Roy Hargrove, Mulgrew Miller In Harmony—A Not To Be Missed Upcoming RSD Release

On Sunday January 15th, 2006 following a blizzard, the late musical greats trumpeter Roy Hargrove and pianist Mulgrew Miller flew into Newark Liberty International Airport, cabbed it to 449 seat Merkin Hall in the Kaufman Music Center near Lincoln Center—a venue with near perfect acoustics—and with no soundcheck or preparation and after standing in the wings and calling out some tunes, stepped onto the stage and delivered some of the remarkable music making documented on this two LP set. A second equally impromptu performance almost two years later (November 9, 2007) at Lafayette College in Easton PA where Miller lived with his family fills out the set of mostly standards indelibly performed.

Let’s stipulate at the outset here that unlike some Resonance Records releases unearthed by “jazz detective” Zev Feldman that are of greater musical than sonic interest (like Bill Evans Live at Ronnie Scott’s, which demonstrated that Jack DeJohnette’s engineering skills are inversely proportional to his musical talents, but which documents the stellar Evans-Gomez-DeJohnette trio soon thereafter broken up by Miles Davis who caught the show at Scott’s and recruited DeJohnette), this set is a sonic stunner (as is Monty Alexander Love You Madly: Live at Bubba’s a full blown 24 track analog audiophile quality double LP release for RSD “Black Friday” 2020 that’s now out of print on vinyl but you can find it “around”).

Both Hargrove and Miller died young, neither due to the “traditional” jazz afflictions. Miller, a lifelong teetotaler, suffered a minor stroke at 54 and despite subsequent weight loss and diet changes, suffered a second fatal one a few years later, at 57. Hargrove suffered from chronic kidney failure and had been on dialysis for his final 13 years, though he passed away November 2nd, 2018 at age 49 from cardiac arrest brought on by his kidney condition. Terrible losses. According to Larry Clothier, Hargrove’s manager and who’s credited with recording these concerts, the two musicians had spoken more than a few times about recording a formal duet album, but it never happened.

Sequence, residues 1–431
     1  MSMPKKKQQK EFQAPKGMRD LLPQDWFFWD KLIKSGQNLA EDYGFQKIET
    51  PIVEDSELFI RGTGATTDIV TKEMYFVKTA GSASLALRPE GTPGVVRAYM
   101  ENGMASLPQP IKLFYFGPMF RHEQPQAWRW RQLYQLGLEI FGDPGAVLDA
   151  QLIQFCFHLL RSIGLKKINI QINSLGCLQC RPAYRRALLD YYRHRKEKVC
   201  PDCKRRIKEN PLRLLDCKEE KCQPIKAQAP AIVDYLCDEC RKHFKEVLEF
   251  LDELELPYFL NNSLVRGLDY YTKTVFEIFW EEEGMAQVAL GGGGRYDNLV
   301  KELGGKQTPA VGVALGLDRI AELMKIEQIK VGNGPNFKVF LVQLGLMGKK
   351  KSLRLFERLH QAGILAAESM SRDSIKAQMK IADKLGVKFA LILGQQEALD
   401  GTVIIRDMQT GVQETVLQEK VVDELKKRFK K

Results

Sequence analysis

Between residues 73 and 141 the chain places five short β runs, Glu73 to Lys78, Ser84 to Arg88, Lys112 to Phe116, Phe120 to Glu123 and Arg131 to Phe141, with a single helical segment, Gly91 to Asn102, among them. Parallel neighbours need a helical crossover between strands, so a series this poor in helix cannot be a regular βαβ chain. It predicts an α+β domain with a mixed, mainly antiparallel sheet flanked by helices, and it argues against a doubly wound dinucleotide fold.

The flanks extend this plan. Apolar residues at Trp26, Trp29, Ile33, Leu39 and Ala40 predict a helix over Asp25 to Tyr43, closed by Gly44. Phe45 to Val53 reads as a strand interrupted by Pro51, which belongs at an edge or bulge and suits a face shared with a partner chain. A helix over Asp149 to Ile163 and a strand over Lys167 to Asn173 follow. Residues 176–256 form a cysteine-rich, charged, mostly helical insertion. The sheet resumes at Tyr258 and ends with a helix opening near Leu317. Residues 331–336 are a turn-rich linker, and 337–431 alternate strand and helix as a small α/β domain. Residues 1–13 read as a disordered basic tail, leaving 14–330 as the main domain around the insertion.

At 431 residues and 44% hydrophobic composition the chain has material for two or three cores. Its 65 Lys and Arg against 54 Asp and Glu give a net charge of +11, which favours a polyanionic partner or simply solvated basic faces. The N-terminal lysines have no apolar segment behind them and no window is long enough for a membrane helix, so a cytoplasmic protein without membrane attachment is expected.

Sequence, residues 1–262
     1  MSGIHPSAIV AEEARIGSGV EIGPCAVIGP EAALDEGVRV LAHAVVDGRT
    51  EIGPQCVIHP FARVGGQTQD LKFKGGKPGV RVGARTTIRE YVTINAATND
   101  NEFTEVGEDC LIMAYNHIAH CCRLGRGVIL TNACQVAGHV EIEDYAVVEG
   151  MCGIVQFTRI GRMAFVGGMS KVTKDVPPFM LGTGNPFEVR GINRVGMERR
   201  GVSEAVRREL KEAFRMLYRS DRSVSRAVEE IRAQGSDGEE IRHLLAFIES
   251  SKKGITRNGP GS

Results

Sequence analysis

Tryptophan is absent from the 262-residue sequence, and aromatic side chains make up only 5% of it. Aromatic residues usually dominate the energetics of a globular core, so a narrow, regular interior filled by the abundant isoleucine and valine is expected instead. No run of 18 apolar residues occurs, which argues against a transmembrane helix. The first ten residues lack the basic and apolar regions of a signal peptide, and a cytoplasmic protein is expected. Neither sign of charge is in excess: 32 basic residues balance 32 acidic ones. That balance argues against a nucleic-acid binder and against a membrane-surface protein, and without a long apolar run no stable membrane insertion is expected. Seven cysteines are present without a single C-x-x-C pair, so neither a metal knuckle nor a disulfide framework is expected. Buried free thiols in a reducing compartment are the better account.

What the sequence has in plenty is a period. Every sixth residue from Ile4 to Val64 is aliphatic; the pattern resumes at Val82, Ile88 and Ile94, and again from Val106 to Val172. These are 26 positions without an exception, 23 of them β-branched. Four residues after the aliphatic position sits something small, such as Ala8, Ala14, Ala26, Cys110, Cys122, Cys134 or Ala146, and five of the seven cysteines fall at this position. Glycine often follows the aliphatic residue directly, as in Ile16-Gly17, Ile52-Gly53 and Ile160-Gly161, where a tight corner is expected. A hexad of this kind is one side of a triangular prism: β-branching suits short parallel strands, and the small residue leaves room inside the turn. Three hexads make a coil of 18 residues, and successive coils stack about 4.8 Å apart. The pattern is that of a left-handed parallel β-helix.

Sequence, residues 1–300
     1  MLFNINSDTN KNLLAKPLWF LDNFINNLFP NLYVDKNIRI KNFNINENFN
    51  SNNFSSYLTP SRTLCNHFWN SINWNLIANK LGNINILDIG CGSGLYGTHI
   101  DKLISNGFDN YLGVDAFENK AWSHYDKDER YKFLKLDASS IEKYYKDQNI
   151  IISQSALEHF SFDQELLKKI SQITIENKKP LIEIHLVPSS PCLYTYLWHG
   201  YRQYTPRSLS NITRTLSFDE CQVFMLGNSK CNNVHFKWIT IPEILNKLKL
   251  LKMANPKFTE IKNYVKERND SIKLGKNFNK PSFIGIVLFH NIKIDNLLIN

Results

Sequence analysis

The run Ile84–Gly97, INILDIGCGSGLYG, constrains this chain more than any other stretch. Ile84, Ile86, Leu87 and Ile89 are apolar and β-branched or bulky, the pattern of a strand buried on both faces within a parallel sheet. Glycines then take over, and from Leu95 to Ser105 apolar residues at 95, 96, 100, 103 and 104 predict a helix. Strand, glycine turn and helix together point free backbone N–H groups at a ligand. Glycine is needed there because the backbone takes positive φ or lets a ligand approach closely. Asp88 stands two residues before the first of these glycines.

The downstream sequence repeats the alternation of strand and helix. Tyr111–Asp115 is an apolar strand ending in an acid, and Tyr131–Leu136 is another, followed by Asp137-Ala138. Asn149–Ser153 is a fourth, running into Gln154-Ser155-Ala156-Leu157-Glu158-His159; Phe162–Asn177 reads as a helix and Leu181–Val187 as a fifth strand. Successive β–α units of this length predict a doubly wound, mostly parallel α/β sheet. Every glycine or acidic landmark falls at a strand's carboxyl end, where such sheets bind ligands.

Miller’s career began as a youngster playing piano in Greenwood, Mississippi churches influenced by Ramsey Lewis. Later, still in Greenwood, he played r&b and soul music in cover bands. The life changer for him was at age 14 seeing Oscar Peterson on The Joey Bishop Show. After a few years in college at Memphis State University, Miller left, eventually winding up in Los Angeles, which led to touring with the Ellington band then led by Duke's son Mercer. He later accompanied Betty Carter, played in groups led by Woody Shaw, joined Art Blakey’s Jazz Messengers and then toured with Tony Williams’ quintet. His recorded output both as a side man and a leader was extensive.

Despite Hargrove’s adventurous late 90’s forays into hip-hop and soul (he’s on D’Angelo’s albums Voodoo and 2015’s Black Messiah [RCA 88875-05655-1 2 LPs--“no digital plug ins…all recording done to tape in the analog domain”], among many others) and his ‘70s funk era excursions with RH Factor, Hargrove was well steeped in the standards as demonstrated in full flower here.

The album opener, a 9 minute meditation on Cole Porter’s familiar “What is This Thing Called Love?” hews at first close to the melody after which Hargrove takes off and the two twist and turn, call and respond and set the agenda for the entire joyous set, which is rich with sly musical humor, skilled improvisation and melodic grace. There’s a startling moment in the opening tune where Hargrove “turns on a dime” from the outside improv to a melodic reprise in which you’d swear there must have been a “tape edit” that allowed him to swap out the trumpet for flugelhorn so abrupt is the timbral shift, but of course the tracks are “live” and the shift is attitudinal.